|Torque||91lb ft @ 3600rpm|
|Dimensions and weight|
Ford Cortina Mk1 common problems
• Corrosion: rust is likely and original panels are scarce and expensive, but some repro pressings are available. All inner and outer panels need to be checked carefully from front to rear, from the front wings (the wheelarches and the metalwork around the headlights especially) to the rear valance and wing bottoms via the floorpan. No area should be left unchecked if possible.
• More corrosion: the MacPherson strut tops should be scrutinised, along with the anti-roll bar mounts, bulkhead, the bottoms of the doors, the A-posts and the sills. We can’t emphasise enough that you need to check every inch, with areas like the leading edge of the bootlid, rear suspension mounts as well as the all-important jacking points possible corrosion spots.
• Powerplant: engines are simple, but being based on the old pre-crossflow Kent unit means that rebuilds are a frequent occurrence – by modern standards at least. On the flip side, it’s easily done and is pretty cheap. Some parts can be difficult to track down, but the usual problems – such as noisy valve gear – can usually be sorted by replacing worn rockers, cam followers or in some cases the cam.
• Rattles and knocks: listen to the engine on start-up from cold, and pay attention to any untoward rattles or knocks. The most likely culprit is a tired timing chain. Perhaps the worst thing to look for is worn piston rings and bores. Blue smoke is likely but not inevitable, but oil blow-by out of the oil filler and breathers is another sign of potential problems.
• Gearboxes: all manual Cortinas have a four-speed all-synchro gearbox, but finding one without a worn second-gear synchromesh is very rare these days. The car jumping out of fourth gear is also common, and can mean a number of things. It could be a broken spring in rod mechanism, or a loose selector fork lock nut; both easy fixes. It could also be serious wear in the gearbox coupling dogs.
• Automatic gearbox: the Borg-Warner Type 35 automatic gearbox is very reliable, but also rare in the Cortina. It also makes for particularly slow going.
• Steering: the steering box is vague at the best of times, but if particularly worn will feel scary on the road. Severe play will be immediately obvious by rocking the steering wheel while an assistant visually checks the steering joints. Inspect the drag link pin and bushes, joining the idler and steering box. If there is any excessive play, new repro pins and bushes can be fitted.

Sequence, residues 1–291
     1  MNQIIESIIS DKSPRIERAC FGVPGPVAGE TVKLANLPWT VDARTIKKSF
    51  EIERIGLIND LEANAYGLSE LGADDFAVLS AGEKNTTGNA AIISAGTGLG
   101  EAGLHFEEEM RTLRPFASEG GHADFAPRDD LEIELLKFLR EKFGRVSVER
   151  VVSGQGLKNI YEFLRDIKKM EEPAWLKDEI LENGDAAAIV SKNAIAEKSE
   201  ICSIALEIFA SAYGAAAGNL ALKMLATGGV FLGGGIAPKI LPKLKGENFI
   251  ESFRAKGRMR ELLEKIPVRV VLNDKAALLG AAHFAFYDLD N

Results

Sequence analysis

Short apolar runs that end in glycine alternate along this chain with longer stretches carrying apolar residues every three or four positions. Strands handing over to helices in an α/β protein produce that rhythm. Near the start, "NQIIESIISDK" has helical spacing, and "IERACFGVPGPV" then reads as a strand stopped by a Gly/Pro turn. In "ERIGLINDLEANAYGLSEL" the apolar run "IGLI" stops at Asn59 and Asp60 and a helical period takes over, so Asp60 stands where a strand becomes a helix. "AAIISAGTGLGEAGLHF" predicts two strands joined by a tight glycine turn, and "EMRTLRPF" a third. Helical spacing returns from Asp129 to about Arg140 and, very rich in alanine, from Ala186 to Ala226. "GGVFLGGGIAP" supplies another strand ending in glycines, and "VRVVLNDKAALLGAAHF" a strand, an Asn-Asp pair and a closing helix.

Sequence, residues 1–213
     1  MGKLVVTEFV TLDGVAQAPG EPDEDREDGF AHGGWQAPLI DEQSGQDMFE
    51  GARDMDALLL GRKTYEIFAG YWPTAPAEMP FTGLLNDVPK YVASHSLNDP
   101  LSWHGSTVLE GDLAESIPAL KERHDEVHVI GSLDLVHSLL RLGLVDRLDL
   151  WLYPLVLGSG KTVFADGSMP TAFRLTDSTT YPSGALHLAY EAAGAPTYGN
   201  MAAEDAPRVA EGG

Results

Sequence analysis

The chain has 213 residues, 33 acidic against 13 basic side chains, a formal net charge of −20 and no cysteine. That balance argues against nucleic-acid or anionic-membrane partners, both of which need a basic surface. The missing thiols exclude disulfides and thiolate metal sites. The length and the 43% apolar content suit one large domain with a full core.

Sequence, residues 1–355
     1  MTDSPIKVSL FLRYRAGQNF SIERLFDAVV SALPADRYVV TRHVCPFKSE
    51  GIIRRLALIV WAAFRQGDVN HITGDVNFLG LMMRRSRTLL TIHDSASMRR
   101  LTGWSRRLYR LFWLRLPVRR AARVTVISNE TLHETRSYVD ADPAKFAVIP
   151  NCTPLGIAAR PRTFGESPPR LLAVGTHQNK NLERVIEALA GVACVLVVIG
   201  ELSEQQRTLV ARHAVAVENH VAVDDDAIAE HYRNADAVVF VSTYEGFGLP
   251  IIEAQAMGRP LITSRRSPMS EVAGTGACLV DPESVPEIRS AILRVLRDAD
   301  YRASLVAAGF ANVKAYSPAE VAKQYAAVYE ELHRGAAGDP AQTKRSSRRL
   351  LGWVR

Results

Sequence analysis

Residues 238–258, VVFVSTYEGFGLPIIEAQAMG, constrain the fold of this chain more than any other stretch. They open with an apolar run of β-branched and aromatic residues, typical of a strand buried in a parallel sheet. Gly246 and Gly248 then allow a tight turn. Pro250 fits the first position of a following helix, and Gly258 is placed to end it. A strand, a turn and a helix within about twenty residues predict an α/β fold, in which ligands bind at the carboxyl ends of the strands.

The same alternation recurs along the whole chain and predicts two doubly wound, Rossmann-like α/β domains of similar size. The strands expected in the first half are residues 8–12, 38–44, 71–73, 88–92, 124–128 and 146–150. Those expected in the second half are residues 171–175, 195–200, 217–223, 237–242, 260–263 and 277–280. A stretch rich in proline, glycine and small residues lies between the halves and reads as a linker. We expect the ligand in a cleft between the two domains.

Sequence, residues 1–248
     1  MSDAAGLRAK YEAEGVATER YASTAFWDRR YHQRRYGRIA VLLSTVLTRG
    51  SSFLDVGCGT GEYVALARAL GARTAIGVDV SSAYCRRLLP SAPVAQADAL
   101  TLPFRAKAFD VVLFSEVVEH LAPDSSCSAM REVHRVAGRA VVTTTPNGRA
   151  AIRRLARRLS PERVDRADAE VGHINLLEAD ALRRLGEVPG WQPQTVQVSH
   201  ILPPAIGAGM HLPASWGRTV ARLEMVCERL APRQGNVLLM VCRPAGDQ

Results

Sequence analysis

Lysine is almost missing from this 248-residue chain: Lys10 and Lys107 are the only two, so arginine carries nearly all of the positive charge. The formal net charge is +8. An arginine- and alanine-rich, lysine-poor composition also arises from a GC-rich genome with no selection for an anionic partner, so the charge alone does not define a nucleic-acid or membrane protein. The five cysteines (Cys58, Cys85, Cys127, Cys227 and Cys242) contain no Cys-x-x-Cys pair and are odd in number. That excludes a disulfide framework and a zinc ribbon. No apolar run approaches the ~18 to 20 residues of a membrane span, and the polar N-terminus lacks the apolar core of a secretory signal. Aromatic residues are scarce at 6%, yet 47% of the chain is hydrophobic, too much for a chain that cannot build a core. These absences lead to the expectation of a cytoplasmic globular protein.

• Suspension: macPherson strut front suspension features a thrust race ball bearing in the top mount, which can become stiff if the lubrication isn’t maintained. Replacement is relatively easy.
Ford Cortina Mk1 model history
1962: The Consul Cortina 113E two-door saloon arrives, in basic or de Luxe forms with an 1198cc OHV engine. Later, a four-door saloon appears.
1963: A five-bearing 1498cc engine is introduced; it’s standard on the Super and optional on the de Luxe. A five-door estate debuts and the GT arrives, with a 78bhp 1498cc engine, uprated suspension, disc front brakes. Also, the strip speedo gives way to a circular unit in a binnacle and there’s now an auto option on 1498cc cars.
1964: A facelift brings a full-width grille, disc front brakes, Aeroflow ventilation, interior upgrades and more power.
1965: The basic saloon is dropped
1966: The last Mk1 saloon and estate are built.
Ford Cortina Mk1 owners clubs, forums and websites
Ford Cortina Mk1 summary and prices
Cortinas have always carried prices considerably higher than many similar rivals from the same era, which can probably be put down to the thriving classic Ford scene. Two-door cars are a valuable source of spares for Lotus Cortinas, but it’s a lovable classic car for anyone who has fond memories of one while growing up.
While concours examples might fetch more, £8000 is around top money for a tidy mk1 Cortina. While projects can still theoretically be picked up for less than £1000, decent runners can range from £2500 to £5000.
Thinking of buying a future classic? Then take a look at these potential future classics...